My Grief Is Neither A Friend Nor Foe I Can Ignore

“Anger is pain’s bodyguard.” If ever there were a more profound provocation of a righteous recognition of sorrow than these words, I don’t know them. Grief researcher, author and clinician, David Kessler who wrote the book, Finding Meaning: The Sixth Stage of Grief, posited these words as an explanation for how anger has its rightful place in grief and mourning in an interview he did for NPR. Not only is that a prophetic line, but it’s a powerful and poetic way of caressing the pain we feel in our hearts and minds when we lose, sometimes repeatedly, our loved ones, our sense of regularity, familiarity and comfort with what we’ve known—including our places of worship, employment, vacation hot spots and relationships.

Asha Tarry, Life Coach

As a professional caregiver who was trained to know the 5 stages of grief, coined by the late researcher and theorist, Elizabeth Kubler-Ross, I’ve since learned and am starting to accept that those 5 stages—denial, bargaining, anger, depression and acceptance—are in no way linear, nor always adequate for the varied and inexplicable feelings human beings have for the emotional waves, numbness, confusion and even trauma that complicates death. Look at where we are today, in a pandemic, almost 1 year later, and still people continue to grieve. Yet there’s been no public acknowledgement in leadership of this massive, and oftentimes called “unavoidable” grief that has gripped our nation, and our world. If our President cannot tolerate anything other than egotistical strokes, we cannot bequeath him nor anyone else with the responsibility of how we will survive and thrive with grief.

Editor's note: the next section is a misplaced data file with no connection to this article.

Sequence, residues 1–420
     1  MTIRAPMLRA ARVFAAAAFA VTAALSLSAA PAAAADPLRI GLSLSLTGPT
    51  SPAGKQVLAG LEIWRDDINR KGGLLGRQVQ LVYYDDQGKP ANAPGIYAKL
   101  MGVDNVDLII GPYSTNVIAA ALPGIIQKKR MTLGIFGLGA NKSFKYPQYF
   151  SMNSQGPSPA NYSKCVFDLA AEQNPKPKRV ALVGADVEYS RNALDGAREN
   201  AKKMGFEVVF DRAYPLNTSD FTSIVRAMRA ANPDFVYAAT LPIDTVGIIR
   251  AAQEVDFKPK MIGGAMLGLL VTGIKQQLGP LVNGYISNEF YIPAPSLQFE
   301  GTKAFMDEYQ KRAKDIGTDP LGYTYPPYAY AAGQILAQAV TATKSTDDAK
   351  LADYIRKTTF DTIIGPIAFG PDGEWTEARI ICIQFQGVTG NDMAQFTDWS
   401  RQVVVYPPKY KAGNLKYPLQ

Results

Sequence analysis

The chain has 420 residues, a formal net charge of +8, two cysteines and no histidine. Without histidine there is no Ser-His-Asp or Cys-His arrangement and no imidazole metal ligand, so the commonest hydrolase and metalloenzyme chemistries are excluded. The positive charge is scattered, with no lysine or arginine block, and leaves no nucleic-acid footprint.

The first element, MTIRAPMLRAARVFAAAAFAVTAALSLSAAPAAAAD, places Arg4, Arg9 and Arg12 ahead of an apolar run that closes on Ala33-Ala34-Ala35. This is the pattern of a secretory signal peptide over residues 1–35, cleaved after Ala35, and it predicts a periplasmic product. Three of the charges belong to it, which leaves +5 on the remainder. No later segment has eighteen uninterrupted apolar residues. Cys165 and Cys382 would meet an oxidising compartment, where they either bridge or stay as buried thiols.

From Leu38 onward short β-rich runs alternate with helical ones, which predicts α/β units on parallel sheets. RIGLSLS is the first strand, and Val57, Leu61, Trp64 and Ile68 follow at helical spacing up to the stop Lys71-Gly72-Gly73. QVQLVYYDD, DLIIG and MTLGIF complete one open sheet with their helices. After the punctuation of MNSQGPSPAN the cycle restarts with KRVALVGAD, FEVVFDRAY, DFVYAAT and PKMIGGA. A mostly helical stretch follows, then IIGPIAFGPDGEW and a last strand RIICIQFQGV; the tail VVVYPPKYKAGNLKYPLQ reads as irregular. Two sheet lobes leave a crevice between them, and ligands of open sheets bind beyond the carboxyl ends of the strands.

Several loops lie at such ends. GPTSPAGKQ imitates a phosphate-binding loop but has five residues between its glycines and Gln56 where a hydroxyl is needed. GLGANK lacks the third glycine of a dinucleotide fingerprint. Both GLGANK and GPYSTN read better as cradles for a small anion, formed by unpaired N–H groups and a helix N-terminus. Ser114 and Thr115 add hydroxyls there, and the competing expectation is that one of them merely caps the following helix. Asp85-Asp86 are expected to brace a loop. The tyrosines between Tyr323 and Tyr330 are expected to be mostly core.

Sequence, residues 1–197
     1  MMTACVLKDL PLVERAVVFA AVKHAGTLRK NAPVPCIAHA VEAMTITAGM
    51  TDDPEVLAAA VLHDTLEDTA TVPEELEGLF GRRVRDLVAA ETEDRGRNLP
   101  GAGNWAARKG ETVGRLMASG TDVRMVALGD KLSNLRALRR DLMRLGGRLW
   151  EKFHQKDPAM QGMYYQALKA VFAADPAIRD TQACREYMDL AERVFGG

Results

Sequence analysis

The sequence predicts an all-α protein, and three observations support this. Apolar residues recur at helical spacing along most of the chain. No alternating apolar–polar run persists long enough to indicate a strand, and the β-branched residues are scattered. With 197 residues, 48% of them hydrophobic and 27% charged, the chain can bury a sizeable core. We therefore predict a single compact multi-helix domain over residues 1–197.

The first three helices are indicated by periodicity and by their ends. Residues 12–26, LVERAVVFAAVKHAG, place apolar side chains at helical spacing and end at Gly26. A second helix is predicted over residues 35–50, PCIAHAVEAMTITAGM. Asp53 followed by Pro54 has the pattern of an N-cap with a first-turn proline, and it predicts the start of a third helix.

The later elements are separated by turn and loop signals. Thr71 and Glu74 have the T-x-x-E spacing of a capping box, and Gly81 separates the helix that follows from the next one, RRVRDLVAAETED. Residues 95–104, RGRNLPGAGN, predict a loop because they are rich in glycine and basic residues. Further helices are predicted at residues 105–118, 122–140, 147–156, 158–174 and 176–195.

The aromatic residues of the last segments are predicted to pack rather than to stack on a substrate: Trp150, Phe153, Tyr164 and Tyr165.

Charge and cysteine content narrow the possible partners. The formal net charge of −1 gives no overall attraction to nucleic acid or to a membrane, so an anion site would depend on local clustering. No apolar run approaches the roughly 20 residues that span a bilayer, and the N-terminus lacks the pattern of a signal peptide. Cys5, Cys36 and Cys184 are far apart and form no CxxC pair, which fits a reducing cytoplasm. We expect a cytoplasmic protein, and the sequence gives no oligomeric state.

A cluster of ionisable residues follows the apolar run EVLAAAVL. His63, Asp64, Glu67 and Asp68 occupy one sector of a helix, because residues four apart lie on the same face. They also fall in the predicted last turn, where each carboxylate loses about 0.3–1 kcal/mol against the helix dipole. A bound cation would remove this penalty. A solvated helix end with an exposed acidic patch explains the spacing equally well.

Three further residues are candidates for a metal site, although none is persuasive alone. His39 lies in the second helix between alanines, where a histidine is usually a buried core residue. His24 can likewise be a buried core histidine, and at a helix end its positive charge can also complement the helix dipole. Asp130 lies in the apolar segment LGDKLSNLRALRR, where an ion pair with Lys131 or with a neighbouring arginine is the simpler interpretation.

However, at the same time, I need to add here that there is hope for us. I believe that if we can continue to turn to writers, bloggers, coaches, counselors, therapists, ministers and those compassionate podcasters such as the numerous ones that cover grief and trauma, among other mental health topics on NPR’s Life Kit, we will feel less alone in our suffering. The reality is grief isn’t going anywhere, so we’d be better off to live and learn how to be with it. But, not only that, I recommend that those guides and resources be shared among our communities of friends, colleagues and family members, school personnel, and DEI leadership so we can learn how to become emotionally adept in our capacity for living in the discomfort that this pandemic has brought to all of our lives. May we begin to embrace our sadness and learn to accept the uncertainty that life brings with living.

*This blog is about becoming free. It’s a reflection of introspective thoughts and experiences that have crossed miles of self-discovery. I created this blog to inspire others to live life with less self-criticism, judgment and openness to new experiences. May you find that you learn how to live a life by design and on your own terms!*

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